Boeshield

I just go t a new tablesaw. It has a cast ion top were my old one was aluminum. Using paste wax on the old one made it extremely slick. The new one doesn't seem to take to it as well. Actually, after waxing it seems rather sticky. I don't know if it is just because of the cold and the wax is not drying or what but I need to find something better. If it is due to the cold, I don't want to have to wait until summer for the wax to dry. How does Boeshield do under these conditions? It's not really that cold. It's about 55 degrees right now.
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CW wrote:
> It's not really that cold. It's about > 55 degrees right now.
IMHO, that's far too cold for paste wax.
You need at least 65F to get it to flow properly.
If you use Boeshield, be interested in how it works out since I'm thinking about using it.
Lew
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I've used "Topcote" for several years with good results. http://tinyurl.com/2bqyxx
Max
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I use Boeshield and I go down a lot lower in temperature. Works for me.
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I guess I'll give it a try. Don't know where I can find it locally though. Odd, as Boeing aircraft is within walking distance of my house.

new
wax
about
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Ask for it at the guardhouse. Can't say I've ever seen it at a local hardware store. Woodcraft has it but that is a 40 mile one way trip.
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"CW" wrote:
> I guess I'll give it a try. Don't know where I can find it locally though. > Odd, as Boeing aircraft is within walking distance of my house.
Do a Google, take your choice.
Lew
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On Sun, 04 Mar 2007 04:06:45 +0000, CW wrote:

Sears carries the pack with the rust remover and the T-9.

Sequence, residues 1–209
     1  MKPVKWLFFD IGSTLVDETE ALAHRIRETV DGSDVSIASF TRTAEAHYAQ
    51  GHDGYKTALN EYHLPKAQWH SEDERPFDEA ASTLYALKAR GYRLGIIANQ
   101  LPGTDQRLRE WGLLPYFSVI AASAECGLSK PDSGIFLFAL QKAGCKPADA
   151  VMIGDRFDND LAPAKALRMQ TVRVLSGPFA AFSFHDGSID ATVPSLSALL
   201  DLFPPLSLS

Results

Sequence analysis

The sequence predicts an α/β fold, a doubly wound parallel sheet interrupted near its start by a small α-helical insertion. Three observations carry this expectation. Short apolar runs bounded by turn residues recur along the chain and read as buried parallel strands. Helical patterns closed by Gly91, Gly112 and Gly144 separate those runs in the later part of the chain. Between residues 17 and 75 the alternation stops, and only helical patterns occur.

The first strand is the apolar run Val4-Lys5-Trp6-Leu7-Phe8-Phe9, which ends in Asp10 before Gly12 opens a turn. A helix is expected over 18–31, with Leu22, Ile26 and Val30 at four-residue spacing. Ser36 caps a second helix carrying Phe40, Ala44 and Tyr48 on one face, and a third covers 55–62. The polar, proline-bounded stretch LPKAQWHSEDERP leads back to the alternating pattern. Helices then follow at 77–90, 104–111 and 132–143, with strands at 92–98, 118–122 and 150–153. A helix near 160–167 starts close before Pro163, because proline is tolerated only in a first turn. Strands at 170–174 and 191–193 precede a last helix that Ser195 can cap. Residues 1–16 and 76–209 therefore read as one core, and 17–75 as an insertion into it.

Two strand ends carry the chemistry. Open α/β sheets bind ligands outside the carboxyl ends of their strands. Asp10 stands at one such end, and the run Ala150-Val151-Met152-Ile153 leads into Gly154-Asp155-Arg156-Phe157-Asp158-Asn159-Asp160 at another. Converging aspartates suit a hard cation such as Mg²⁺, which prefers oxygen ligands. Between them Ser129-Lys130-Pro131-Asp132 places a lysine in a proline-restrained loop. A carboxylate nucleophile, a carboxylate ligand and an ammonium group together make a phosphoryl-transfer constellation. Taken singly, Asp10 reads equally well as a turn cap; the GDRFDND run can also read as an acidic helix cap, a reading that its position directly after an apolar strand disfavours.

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Actually the rougher the table surface the less drag it provides. My polished Jet cast iron is not nearly as smooth as my old Craftsman cast iron as far as ease of sliding a board across it.
I tried Boshield and was not impressed. I went with several coats of TopCote.
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On Sun, 04 Mar 2007 05:39:08 GMT, "Leon"

I use Boesheild for lubrication of metal to metal parts and corrosion protection. It's great stuff for fogging or wiping tools down after a day of use or a water sharpening session.
I prefer Bostik Top Coat, CRC's slightly cheaper version of Top Cote, or Empire's pump spray Table Lube for tops. The Bostik product is my favorite, simply because the CRC product smells worse than ass. <G>
Lee Valley and Highland Woodworking sell all of 'em if you can't get them locally.
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Quite true. The top is surface ground rather than the blanchard grind of most, so it is quite smooth. I just ordered the Topcoat.

iron
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I use TopCote and recommend it. I use Boeshield too, but not for your application. JP
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Keep in mind that the TopCote still does not make the surface as slick as a rough one however it is less messy, holds up better than Boeshield and is very easy to apply. Put down a couple of heavy coats the first time and wipe down between coats. Now that I have a good coat on the surface I don't bother wiping the haze off any more. Also, Empire, the original maker of TopCote has it own line of top products that are pretty darn good also. IMHO on a par with TopCote.
I miss the rougher Craftsman surface for that "glide across the top" performance. As a side note, the European companies, and in particular MiniMax, use the rough surface on their upper end TS's and machines for the reduced friction effect.
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Empire also makes Top Saver. If you do get some rust, the Top Saver is fantastic for cleaning it up with minimal elbow grease.
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I had considered scraping the top for a smoother glide but I'm really not that motivated. I have stripped the wax off which has helped. After using it like this, the Topcoat will probably seem amazing.

a
don't
the
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Run a ROS over it with a fine Scotchbrite.
It works...
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